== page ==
30 April, 2011

Concert Review: New York Philharmonic-Gilbert

Concert Review: New York Philharmonic-Gilbert

29 April, 2011, Avery Fisher Hall
New York Philharmonic-Alan Gilbert-Emanuel Ax

After the great experience of the Mahler 9th with the Juilliard Orchestra under Gilbert, I was really looking forward to this concert, and my faith was not misplaced. Another reason for attending this concert was for the rare chance of hearing something by Messiaen, one of my favorite modern composers.

Emanuel Ax played first just the Pagodes from Debussy's Estampes, and this was immediately and purposefully followed by Messiaen's Couleurs de la Cite Celeste, a wonderful piece scored for a small orchestra without strings, in which Ax was the pianist. The Messiaen received an arduous and nuanced performance, the brass and percussion forces playing with stunning unanimity; the pedal points were grand and the bird songs took flight. Ax played well, but in both the Messiaen and Debussy I would have preferred a lighter sonority and more biting edge instead of his customary fat tone.

The Mahler Symphony No. 5 once again showed that Gilbert is already a great Mahlerian, and very much his own man. With a firm grasp of architecture, Gilbert delivered a cogent and granitic performance all the way through, with many fresh details illuminated along the way to thundering climaxes. As in his performance of the 9th, Gilbert stayed away from vulgarity and de-emphasized the "dance" elements, focusing on the "symphonic" aspects. At times the music felt relentless and one wished for just a little more swagger, though any lingering doubt would soon be swept away by the tightly woven proceedings. Unusually, in the adagietto Gilbert milked the violins a little more than usual, imparting almost a "Tristan und Isolde" feel to the proceedings.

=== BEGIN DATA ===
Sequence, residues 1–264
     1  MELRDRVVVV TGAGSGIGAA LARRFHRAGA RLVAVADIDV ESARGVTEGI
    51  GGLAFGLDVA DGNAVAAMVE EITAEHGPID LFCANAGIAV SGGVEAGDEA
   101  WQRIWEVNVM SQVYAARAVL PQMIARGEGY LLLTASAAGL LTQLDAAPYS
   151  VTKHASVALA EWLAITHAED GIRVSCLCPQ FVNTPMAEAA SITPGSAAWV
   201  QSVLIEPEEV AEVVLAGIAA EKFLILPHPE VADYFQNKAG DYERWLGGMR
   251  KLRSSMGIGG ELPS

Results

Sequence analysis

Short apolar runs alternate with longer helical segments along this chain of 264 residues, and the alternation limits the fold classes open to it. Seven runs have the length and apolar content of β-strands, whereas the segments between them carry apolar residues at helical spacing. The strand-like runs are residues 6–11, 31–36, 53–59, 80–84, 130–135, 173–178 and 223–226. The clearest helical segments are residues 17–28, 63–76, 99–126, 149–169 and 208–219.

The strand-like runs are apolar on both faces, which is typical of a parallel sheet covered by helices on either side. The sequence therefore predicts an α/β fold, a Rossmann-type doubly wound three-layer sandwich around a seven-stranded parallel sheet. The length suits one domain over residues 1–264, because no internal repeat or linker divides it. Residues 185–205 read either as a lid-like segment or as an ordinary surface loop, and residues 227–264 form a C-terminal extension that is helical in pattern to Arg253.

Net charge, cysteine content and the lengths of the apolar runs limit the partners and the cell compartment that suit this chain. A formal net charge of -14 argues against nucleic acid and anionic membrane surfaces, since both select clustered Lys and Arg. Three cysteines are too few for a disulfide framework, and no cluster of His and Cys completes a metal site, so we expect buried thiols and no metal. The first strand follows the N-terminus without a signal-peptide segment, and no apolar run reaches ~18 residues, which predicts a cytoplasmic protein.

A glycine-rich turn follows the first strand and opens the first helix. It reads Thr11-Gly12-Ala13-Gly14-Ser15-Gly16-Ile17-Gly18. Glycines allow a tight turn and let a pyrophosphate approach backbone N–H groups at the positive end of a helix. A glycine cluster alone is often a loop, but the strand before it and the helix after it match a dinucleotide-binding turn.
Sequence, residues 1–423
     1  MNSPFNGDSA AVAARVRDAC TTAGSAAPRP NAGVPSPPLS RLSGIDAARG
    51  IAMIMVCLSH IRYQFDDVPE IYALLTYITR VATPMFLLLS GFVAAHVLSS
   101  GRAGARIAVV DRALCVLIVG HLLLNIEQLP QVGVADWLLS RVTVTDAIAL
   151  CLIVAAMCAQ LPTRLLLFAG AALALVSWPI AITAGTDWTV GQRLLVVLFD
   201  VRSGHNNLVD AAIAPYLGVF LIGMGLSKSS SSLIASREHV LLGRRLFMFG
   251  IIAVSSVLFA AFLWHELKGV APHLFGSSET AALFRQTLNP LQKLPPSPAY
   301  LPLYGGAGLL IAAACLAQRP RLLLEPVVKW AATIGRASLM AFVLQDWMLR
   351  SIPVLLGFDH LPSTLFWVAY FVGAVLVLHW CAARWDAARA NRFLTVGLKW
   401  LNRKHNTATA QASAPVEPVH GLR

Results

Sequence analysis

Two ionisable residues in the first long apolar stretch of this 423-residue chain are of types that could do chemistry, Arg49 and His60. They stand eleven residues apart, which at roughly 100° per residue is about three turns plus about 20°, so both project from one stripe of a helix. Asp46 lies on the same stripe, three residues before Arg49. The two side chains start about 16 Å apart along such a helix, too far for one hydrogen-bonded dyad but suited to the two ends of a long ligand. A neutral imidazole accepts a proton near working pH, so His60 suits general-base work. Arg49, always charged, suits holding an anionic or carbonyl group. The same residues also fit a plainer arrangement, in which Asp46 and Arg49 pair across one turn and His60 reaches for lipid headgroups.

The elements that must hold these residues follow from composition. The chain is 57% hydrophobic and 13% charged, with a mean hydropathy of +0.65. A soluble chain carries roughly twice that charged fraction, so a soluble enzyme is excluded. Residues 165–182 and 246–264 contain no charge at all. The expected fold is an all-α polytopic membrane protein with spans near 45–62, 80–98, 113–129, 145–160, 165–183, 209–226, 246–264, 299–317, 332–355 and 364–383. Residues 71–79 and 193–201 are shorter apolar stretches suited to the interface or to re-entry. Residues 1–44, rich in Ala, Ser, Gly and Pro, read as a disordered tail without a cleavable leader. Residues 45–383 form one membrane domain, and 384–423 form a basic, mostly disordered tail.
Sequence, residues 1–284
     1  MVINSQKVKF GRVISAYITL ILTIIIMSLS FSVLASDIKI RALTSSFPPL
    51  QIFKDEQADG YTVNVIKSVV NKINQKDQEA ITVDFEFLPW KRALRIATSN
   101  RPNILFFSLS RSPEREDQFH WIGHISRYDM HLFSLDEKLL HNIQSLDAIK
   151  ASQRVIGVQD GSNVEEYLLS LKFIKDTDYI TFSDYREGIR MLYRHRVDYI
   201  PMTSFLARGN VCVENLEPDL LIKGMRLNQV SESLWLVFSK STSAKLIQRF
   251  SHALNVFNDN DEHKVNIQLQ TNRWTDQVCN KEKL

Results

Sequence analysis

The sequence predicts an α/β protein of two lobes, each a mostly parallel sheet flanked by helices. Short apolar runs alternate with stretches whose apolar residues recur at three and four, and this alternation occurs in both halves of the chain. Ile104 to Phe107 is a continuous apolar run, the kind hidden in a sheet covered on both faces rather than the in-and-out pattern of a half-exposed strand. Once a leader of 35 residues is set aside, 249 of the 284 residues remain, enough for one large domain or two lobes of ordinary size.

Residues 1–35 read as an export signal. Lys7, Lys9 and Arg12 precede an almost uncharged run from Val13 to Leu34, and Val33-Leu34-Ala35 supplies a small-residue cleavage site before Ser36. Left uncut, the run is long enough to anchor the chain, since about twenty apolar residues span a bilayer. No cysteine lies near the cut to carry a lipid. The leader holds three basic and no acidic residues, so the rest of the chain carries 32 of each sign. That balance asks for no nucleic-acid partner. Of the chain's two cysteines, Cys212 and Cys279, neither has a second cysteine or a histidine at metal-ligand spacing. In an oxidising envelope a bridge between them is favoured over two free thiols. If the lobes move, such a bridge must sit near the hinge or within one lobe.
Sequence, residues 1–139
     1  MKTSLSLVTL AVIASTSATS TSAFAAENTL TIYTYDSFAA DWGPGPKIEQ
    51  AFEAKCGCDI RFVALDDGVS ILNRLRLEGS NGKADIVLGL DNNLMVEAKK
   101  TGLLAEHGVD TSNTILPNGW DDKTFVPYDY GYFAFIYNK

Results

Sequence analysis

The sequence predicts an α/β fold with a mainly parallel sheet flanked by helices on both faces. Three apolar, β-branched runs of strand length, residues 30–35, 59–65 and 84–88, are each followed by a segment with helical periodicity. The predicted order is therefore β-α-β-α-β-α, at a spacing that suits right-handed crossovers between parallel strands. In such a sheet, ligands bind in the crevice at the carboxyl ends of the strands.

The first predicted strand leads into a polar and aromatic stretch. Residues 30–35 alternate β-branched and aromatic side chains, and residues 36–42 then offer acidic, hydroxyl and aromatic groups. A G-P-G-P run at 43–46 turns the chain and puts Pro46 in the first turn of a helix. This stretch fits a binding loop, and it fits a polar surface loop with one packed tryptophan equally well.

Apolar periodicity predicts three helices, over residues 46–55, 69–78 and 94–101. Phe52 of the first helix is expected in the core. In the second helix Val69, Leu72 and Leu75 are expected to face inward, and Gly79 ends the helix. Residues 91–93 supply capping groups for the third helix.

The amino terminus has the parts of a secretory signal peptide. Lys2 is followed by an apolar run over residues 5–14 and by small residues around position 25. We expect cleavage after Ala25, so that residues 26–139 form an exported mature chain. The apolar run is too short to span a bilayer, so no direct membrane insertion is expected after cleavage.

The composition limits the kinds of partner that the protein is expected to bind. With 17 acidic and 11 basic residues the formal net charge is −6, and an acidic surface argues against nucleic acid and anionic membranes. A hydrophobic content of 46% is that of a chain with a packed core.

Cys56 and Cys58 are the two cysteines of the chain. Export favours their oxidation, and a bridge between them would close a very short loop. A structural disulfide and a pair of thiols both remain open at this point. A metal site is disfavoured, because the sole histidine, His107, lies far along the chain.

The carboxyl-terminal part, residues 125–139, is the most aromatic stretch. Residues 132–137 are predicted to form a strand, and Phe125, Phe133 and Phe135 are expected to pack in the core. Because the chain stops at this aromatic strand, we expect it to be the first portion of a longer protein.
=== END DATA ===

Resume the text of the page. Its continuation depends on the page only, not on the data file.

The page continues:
In this big piece I did not care for the divided violins. While occasionally one could hear the counterpoints more clearly, more often the upper strings, though playing in a refined manner, did not have the critical mass to counter the heavy brass, which Gilbert might have encouraged too much. Nonetheless, a magnificent performance.

NY Times review

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